Farage Could “Potentially” Do Deal with Britain’s Conservatives

The Euroskeptic party leader shifts his position on working with David Cameron’s Conservatives.

British Euroskeptic party leader Nigel Farage said on Sunday he could “potentially” do a deal with Prime Minister David Cameron’s Conservatives if they fall short of a majority in May’s general election.

That marks a subtle shift from two years ago when Farage ruled out any cooperation with the ruling party as long as Cameron stayed in power. “Mr Cameron, whenever he’s asked about UKIP, just throws abuse at us and calls us nutters and closet racists so I don’t think there’s any prospect of us doing a deal with the Conservative Party with Mr Cameron in charge,” he said at the time.

Farage’s United Kingdom Independence Party is polling at around 15 percent support but may only win a few seats under Britain’s first-past-the-post voting system.

However, with neither the Conservatives nor Labour likely to win an outright majority, even a few seats could give Farage the balance of power in Westminster.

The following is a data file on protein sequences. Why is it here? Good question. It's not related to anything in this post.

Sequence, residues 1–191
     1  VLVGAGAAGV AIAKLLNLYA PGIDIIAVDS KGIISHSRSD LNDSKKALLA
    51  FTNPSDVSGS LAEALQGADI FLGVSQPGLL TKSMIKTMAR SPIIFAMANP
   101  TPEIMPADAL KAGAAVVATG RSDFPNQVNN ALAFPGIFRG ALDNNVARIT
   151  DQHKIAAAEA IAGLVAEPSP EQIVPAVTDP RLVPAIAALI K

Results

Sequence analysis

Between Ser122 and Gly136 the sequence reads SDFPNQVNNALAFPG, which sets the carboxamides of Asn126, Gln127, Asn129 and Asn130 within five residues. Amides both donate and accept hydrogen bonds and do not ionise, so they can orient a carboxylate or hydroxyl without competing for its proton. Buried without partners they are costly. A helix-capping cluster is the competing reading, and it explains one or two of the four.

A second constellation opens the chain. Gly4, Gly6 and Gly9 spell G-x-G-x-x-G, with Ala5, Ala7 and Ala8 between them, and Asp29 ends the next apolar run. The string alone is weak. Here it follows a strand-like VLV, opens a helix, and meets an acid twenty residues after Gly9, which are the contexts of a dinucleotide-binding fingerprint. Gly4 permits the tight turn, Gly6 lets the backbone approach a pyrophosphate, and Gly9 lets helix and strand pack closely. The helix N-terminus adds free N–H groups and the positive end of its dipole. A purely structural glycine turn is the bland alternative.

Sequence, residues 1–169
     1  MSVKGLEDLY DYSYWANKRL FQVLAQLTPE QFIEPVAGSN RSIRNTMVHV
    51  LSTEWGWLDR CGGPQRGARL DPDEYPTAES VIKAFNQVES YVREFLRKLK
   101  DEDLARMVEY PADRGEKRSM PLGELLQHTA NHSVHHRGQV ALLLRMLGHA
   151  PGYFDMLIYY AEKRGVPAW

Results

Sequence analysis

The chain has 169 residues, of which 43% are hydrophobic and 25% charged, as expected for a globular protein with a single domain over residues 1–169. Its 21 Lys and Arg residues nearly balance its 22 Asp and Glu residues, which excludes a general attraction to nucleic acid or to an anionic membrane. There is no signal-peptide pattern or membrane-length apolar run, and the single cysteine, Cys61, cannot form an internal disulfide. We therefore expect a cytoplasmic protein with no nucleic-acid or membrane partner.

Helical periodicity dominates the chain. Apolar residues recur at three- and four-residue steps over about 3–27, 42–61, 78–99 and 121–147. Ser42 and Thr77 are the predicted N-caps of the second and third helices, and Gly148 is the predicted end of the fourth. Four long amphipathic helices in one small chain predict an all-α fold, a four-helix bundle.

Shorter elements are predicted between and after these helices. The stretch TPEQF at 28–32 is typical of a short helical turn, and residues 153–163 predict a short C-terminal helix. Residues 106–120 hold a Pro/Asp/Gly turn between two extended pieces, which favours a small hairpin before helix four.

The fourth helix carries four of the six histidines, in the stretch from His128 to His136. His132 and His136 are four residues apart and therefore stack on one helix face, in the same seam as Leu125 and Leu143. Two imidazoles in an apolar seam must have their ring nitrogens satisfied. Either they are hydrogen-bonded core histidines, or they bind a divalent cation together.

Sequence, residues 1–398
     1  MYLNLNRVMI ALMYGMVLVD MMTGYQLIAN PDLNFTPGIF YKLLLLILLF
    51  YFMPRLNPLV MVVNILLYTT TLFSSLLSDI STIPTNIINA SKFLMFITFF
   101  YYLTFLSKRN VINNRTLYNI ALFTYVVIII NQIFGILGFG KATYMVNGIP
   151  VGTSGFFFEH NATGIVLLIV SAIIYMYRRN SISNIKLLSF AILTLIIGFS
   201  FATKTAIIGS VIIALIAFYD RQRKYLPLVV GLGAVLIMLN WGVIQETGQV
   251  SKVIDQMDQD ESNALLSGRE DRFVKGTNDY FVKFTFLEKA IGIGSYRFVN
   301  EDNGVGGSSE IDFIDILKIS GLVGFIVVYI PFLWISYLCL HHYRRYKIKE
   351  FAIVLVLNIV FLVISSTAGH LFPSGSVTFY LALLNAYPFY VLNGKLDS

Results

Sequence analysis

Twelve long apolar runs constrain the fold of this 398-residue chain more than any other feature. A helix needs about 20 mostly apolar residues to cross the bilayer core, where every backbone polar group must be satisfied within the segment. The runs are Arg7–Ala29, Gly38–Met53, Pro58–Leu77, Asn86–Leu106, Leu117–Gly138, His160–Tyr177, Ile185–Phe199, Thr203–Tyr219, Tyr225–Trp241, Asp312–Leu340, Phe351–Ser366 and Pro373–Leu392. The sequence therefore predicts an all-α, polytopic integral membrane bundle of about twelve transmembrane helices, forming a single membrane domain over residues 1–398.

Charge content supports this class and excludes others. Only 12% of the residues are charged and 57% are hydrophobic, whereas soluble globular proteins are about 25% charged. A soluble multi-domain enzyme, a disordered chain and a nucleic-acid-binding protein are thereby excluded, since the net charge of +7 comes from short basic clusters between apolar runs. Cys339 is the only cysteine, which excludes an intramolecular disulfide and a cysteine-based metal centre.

UKIP won a quarter of the votes in last year’s European Parliament elections and now has most British seats in the Strasbourg legislature. The party advocates a British withdrawal from the European Union.

On Sunday, during an interview with the BBC’s Andrew Marr, Farage conditioned any support for a referendum about Britain’s membership of the European Union on equal spending limits for both campaigns and said he wanted only British citizens to have the right to vote in it.

Cameron, who wants Britain to stay in the European Union, has promised to call a referendum on the island nation’s membership by 2017, provided he is reelected this year.

The promise of a referendum is seen as an attempt on the prime minister’s part to dissuade Euroskeptic voters from switching to UKIP which could eat away at his own Conservative Party’s support. A strong showing for Farage’s party would split the right-wing vote and possibly allow Labour to win swing districts, giving it, rather than the Conservatives, a plurality of the seats in Parliament.